DENVER — Aero Electric Aircraft Corp. (AEAC), developer of the Sun Flyer solar electric flight trainer, participated in noise tests for the National Park Service at Centennial Airport Dec. 2 to determine the amount of noise generated by electric-powered aircraft.
AEAC flew its single-seat electric technology demonstrator aircraft while representatives from the National Park Service gathered sound data.
Conventional aircraft provided comparison for the AEAC electric aircraft.
“The difference in noise level was on the order of 30 dB, so the AEAC aircraft radiates roughly 1/1000th the noise of the conventional aircraft,” said Kurt Fristrup, Branch Chief, Science and Engineering, National Park Service. “The replacement of conventional aircraft with quiet electric aircraft should result in more than a 40-fold reduction in the number of community residents highly annoyed by noise.”
“The results of the test were extraordinary,” said George Bye, CEO of AEAC. “Organizing detailed sound data with the National Park Service and CSU teams emphasizes the importance of the future of electric propulsion in general aviation. Erik Lindbergh and the Powering Imagination team are to be congratulated for the important role they have played in pulling together this important flight test event with the National Park Service. Flight test and highly sensitive noise measuring equipment set-up was carefully coordinated with the Centennial Airport Authority, and we thank them for their outstanding support.”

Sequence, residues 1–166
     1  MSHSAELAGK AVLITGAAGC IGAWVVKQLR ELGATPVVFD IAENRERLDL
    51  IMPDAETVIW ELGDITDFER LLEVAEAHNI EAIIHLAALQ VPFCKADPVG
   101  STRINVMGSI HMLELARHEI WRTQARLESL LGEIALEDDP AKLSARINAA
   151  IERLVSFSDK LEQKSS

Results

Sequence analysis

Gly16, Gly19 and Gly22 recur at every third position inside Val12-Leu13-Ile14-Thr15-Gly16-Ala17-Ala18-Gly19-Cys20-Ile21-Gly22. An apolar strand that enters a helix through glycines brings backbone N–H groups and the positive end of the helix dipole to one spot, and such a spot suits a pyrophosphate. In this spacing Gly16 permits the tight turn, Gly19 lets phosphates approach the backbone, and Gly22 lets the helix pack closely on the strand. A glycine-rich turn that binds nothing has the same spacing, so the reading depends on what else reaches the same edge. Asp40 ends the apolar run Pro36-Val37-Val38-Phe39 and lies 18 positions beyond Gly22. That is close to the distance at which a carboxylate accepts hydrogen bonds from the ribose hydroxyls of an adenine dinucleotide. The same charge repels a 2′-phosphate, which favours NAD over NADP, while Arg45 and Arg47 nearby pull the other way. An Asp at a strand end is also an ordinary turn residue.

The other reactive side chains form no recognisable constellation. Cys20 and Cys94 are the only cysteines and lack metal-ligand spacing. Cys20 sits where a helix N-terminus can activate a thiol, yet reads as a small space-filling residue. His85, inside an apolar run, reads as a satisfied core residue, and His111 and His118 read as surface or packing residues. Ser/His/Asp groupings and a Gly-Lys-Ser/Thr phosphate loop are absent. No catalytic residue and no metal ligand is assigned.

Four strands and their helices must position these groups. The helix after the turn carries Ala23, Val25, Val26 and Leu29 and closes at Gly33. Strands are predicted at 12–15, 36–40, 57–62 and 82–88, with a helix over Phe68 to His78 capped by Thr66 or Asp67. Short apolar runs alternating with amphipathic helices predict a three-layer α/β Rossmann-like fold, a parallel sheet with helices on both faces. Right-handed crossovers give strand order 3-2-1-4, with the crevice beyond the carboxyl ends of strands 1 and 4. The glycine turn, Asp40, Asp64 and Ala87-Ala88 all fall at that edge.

Lindbergh said his organization was thrilled to witness and document the stunning absence of noise from the flight operations of electric trainer.
“This baseline data collected by the National Park Service will demonstrate, inform and guide the development of a clean and quiet future for aviation,” he said. “Aircraft make a lot of noise and its proliferation threatens not only our environment, but our industry and its infrastructure. This is a small but very meaningful step in the development of electric propulsion that will ultimately strengthen the aviation industry beginning with the personal and training markets and growing from there. From my own electric flight experience, pilots can look forward to an extraordinarily simple, smooth and quiet flight experience when these aircraft come to market.”
Former Cessna President Charlie Johnson, now president of AEAC, said the test results are a powerful indicator of how low noise emissions are just one benefit of flying electric powered aircraft.
“We have received comments from observers over the past few years that the electric airplanes we have flown are substantially quieter than traditional general aviation aircraft,” he said. “It is a significant milestone that we now have test data that substantiates those observations.”
AEAC is developing the first certified U.S.-sponsored, practical, all-electric airplane serving the aviation flight training markets. Final assembly fit check on the Sun Flyer solar-electric prototype occurred in early November, company officials report. Following paint shop and avionics integration, the aircraft will be moved to its home at Centennial Airport for assembly of its electric power plant in the first quarter of 2016.